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Soundtrack Review

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The Thing (Music from the Motion Picture)


Composer: Ennio Morricone
Recreated by: Alan Howarth
BuySoundtrax Records
RRP: £13.99
Available 04 October 2011

To replace the original deleted soundtrack, comes The Thing: Music From The Motion Picture, available as a limited edition CD or as a digital download from BuySoundtrax Records. To avoid confusion it should be pointed out that this is the classic John Carpenter version from the early eighties, and not the recent very average prequel. Carpenter composed very powerful enhancing music for his films, but in this case he wanted to bring in Ennio Morricone who had impressed him greatly with several memorable spaghetti western tunes.

Morricone produced an orchestral soundtrack, but Carpenter wanted something more in the vein of his own music from Escape From New York, released only the year before. So, Morricone offered up a more electronic synthesizer score. Even then Carpenter utilised only a part of the music given to him, because he needed a recurring theme - something a little sinister to reflect the isolation of the characters and the siege feel so favoured by the director.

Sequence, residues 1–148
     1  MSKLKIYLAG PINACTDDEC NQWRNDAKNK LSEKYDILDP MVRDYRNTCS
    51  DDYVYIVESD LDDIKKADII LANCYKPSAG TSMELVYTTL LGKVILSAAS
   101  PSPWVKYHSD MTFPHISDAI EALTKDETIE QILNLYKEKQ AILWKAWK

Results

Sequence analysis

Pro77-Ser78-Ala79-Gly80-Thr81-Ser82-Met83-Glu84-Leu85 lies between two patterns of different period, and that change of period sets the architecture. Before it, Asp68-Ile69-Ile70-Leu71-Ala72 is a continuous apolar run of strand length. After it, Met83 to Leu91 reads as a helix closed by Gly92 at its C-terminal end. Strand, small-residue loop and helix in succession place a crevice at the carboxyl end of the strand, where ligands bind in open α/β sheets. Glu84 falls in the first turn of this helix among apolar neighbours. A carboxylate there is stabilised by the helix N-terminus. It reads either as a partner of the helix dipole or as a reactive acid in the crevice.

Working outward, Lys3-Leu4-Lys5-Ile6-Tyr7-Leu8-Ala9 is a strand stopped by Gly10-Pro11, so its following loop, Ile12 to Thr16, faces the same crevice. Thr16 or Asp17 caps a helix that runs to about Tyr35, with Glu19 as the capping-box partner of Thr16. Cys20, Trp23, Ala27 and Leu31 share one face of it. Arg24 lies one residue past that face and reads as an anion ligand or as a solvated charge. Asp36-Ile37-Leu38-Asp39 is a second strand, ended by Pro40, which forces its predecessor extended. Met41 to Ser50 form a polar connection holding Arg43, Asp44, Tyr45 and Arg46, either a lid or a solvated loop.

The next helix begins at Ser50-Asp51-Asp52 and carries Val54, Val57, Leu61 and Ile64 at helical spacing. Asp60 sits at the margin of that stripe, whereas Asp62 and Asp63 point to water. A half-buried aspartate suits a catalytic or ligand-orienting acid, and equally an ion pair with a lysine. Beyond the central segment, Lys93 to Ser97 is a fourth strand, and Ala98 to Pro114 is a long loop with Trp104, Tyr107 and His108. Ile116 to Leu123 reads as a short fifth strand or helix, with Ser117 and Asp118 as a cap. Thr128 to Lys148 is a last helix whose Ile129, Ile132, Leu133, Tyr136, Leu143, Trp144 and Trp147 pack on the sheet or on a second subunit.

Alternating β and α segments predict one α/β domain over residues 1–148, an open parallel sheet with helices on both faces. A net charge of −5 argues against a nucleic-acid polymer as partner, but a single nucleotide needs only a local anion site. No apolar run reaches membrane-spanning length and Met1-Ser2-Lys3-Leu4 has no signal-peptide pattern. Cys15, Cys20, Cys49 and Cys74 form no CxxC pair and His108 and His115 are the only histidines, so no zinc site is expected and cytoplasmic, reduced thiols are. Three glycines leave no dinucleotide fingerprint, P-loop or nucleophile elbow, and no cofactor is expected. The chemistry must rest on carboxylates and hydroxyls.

Alan Howath, who collaborated with John Carpenter on many of his soundtracks, as well as providing sound effects for a handful of blockbuster movies in the eighties, before composing some of his own - has painstakingly reconstructed Morricone’s original full soundtrack using new technology to create the sounds of the old recording. The tracks have also been rearranged to match the order they would have been in the film.

Listening carefully to the content it’s difficult to imagine where the music would have fit in to the very different mood of the film. The Thing has a very claustrophobic feel, and this would have been destroyed by some of the more orchestral pieces. To be frank, there is only one powerful track on this collection and that is the building electronic throb which was actually used as the main piece in the movie. The rest is not exactly entertaining. The composer himself described his electronic theme as Morricone doing John Carpenter. This begs the question, why didn’t Carpenter do it himself in the first place?


Ty Power

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